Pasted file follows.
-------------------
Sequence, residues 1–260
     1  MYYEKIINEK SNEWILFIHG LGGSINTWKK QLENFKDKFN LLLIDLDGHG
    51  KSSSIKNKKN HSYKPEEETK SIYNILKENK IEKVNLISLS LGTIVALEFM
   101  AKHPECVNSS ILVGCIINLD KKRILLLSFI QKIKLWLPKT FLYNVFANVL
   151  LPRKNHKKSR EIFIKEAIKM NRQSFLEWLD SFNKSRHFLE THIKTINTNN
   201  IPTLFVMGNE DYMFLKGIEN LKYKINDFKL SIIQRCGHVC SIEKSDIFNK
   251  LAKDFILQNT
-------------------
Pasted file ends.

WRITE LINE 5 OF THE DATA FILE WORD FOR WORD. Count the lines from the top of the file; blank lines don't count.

   151  LPRKNHKKSR EIFIKEAIKM NRQSFLEWLD SFNKSRHFLE THIKTINTNN